Notes for February 15-19
Notes for February 15-19 ACCT 2110 - 002
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ACCT 2110 - 002
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This 7 page Class Notes was uploaded by Callisa Ruschmeyer on Tuesday February 16, 2016. The Class Notes belongs to ACCT 2110 - 002 at Auburn University taught by Elizabeth G Miller in Fall 2015. Since its upload, it has received 57 views. For similar materials see Principles of Financial Accounting in Accounting at Auburn University.
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Date Created: 02/16/16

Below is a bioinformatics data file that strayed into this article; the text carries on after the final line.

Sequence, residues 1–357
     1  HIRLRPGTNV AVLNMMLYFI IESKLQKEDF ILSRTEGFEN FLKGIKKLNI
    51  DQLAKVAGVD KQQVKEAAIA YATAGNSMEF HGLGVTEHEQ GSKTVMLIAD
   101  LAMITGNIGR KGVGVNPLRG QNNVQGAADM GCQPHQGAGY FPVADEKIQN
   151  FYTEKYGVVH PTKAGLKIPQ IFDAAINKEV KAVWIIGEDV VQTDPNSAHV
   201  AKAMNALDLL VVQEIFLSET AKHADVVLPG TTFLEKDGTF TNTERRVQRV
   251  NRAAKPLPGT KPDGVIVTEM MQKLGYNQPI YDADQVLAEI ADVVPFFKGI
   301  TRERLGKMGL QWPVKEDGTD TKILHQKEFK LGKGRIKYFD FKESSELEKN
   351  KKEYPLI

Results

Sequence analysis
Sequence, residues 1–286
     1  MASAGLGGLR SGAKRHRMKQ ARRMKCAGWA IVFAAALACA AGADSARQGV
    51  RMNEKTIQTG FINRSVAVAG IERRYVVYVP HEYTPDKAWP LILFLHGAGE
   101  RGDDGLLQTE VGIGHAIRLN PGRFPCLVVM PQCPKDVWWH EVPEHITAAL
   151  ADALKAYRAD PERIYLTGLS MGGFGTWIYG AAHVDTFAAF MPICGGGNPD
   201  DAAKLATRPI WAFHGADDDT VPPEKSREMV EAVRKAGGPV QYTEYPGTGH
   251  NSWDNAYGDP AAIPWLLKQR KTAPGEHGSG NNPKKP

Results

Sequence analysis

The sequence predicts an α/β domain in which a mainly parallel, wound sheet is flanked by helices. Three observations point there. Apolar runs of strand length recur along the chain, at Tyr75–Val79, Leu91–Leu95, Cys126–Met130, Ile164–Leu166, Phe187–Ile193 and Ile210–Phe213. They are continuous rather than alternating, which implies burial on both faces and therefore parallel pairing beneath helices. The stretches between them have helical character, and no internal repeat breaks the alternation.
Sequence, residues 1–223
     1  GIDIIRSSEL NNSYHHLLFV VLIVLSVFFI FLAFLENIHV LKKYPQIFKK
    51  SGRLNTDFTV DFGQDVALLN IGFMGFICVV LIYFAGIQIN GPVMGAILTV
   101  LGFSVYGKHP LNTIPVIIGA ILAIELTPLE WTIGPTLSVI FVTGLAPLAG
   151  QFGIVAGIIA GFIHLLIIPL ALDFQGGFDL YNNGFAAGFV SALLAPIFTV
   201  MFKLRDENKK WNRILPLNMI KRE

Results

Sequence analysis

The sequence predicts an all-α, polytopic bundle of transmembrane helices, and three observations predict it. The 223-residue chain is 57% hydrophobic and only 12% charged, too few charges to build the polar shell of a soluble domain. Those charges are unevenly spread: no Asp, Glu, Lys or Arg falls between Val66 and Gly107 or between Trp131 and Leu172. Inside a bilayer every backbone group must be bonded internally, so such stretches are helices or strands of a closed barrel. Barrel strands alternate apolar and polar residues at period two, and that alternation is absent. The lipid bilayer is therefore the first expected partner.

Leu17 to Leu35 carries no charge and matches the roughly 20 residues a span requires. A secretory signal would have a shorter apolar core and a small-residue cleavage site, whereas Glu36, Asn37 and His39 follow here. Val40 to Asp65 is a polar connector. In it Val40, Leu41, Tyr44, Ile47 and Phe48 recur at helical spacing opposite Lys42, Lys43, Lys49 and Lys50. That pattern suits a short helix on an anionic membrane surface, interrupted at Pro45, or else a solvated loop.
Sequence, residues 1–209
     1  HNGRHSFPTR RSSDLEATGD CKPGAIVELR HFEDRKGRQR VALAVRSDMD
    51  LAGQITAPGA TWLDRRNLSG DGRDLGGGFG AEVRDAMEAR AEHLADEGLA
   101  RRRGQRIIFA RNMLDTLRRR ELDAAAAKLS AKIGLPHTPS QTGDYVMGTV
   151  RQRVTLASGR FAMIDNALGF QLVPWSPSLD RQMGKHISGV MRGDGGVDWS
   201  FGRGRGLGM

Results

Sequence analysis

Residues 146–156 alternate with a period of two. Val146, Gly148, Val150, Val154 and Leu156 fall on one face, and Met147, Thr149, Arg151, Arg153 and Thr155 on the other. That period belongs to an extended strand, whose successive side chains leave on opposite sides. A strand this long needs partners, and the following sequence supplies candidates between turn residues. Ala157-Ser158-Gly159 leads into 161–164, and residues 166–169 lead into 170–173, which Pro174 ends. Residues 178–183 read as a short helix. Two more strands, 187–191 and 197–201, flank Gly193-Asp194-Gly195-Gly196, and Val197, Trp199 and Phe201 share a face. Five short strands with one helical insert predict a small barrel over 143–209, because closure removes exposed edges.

Final Notes on Chapter 3 and all of Chapter 4 Step 7: Closing the Accounts Revenues, expenses, and dividends are the only accounts you close o They are temporary accounts o Must be zeroed out at the end of each accounting period Balance sheet accounts- like assets, liabilities, and stockholders' equity- do not get closed o They are permanent accounts o Their balances carry over to the next account period o Contra assets are also found in this group How do you close temporary accounts? o Transfer the effects of revenues, expenses, and dividends into the Retained Earnings t- account o In order to move revenues and expenses, you need to make a new t-account called the income summary Dividends DO NOT go into the income summary- you transfer these directly to the Retained Earnings t-account o Steps Close revenues to Income Summary Close expenses to Income Summary Now the Income Summary balance is the Net Income for that period Close Income Summary to Retained Earnings Close Dividends to Retained Earnings Notice that dividends does not get closed through the Income Summary- it goes directly to the Retained Earnings account Final Notes on the Accounting Cycle In between Adjusting the Accounts (step 5) and Preparing the Financial Statements (step 6), add the step "preparing the adjusted trial balance" Steps 1-3 are repeated many times during an accounting period Steps 4-7 are only completed once per period- always at the end of the period Using a Worksheet to Prepare Financial Statements We went over an example of what a worksheet looks like We will not have to do any work or answer any questions regarding a worksheet Chapter 4 Internal Control and Cash Cash accounts Most important asset any company has Internal control makes sure everything is efficient and reliable Internal Control System of policies and procedures that a company puts in place to provide reasonable assurance that: o The company is complying with applicable laws and regulations o Company financial reporting is reliable o Company operations are effective and efficient Internal control helps a company protect its assets SOX and COSO Sarbanes Oxley Act- SOX o Companies need some sort of regulation and rules so that unethical behaviors do not occur o Publically traded companies need to have a system for internal control COSO o Report by congress; companies usually use this as the basis for their rules to company to the SOX What do Internal Control Reports Include? 1. A statement of management's responsibility to establish and maintain internal controls 2. An assessment of the effectiveness of the internal controls o Always by a third party auditor o Keeps the company ethical Elements of Internal Control Control Environment o How members of a company or organization conduct activities and responsibilities o Every company has a different control environment- different attitudes for employees and management o Factors that Affect Control Environments Integrity an ethical values of personnel Thorough background check = minimizes riskof hiring them Possible drug testing Management's philosophy and operating style How the office dresses Ability to work at home? Or only in office? Assignment of authority and responsibility When you get hired- make sure you know exactly what you are supposed to do- when is the assignment due? General structure of an organization Large corporations may have many layers of management o Without a sound control environment, the remaining elements of internal control suffer Risk Assessment o Assessing certain risks and avoiding them as much as possible o External: competition, customer expectations, natural disasters o Internal: bad employee training, errors in the financial reports, theft of assets and such by employees, breakdown in background checks o Process of Risk Analysis Estimate the significance of a risk Assess the likelihood of the risk occurring Consider what actions should be taken to manage the risk Control Activities o Policies and procedures established to address any risks that may threaten the achievement of organizations and what they are trying to accomplish o Activities Establishing responsibility- every employee needs to know their duties Maintaining adequate documentation- all accounting records need to be documented; pre-numbering checks; keeping evidence of purchases Segregation of duties- no one person should prepare the documents and records for one activity; multiple employees should be used to complete a task; one person on a task increases the likelihood of fraud Physical security of assets and records- have more than one person and each responsibility Independent verification- independent auditor Information and Communication o Information should be able to flow freely throughout an organization o Communication in a timely manner and in an appropriate manner This helps to solve any problems that may arise quickly and efficiently o Communication with management is key Monitoring o Tracking potential and actual problems o Assess the quality of the company's internal control system o Approaches Ongoing activities- by managers on a daily basis Separate evaluation- by the required audit of the internal control system Third party audit helps achieve this Internal Control Limitations Human element- good job hiring; thorough background check Cost-benefit analysis Reporting Cash and Cash Equivalents Definition of cash- you deposit into the bank and it is ready to use o Coins, bills, checking and saving accounts, money orders, travelers checks Equivalents to cash- any investment that can be converted into an amount of cash and has an original maturity of three or less months o Treasury bills, certificates of deposit, money market accounts Cash Controls Cash is very easily taken… Cash over and short accounts Petty cash funds Bank reconciliations o Timing difference occur between banks records and a company's records o Example- if we write a check today, we credit the cash account- but it will take a couple days for the bank to clear the check o Fees/service charges- order new checks, internet banking, your account drops below a certain amount; interest is earned o Reconcile the company's book balance- cash balance: make journal entries for the fees or gained money that was not accounted for yet o Simplified! 1. Reconcile the bank balance to the actual cash balance 2. Reconcile the company's book balance to the actual cash balance 3. Update the company's book balance to the actual cash balance with journal entries Terms Associated with Bank Reconciliations Credit memorandum- an addition on the bank statement for things like interest or receivables from customers (but no journal entry has been made yet) Debit memorandum- a deduction on the bank statement for things like service charges Deposit in transit- deposit made, but the money does not appear on the bank statement yet Outstanding check- check is cut, but has not been cleared yet by the bank NSE (nonsufficient funds) check- nonsufficient funds; deductions made on the bank statement because a customer's check bounces Simplified! o Accounts already recorded by the bank and not yet by the company Credit Memorandums Debit Memorandums NSF checks o Accounts already recorded by the company and not yet by the bank Deposit in Transit Outstanding Checks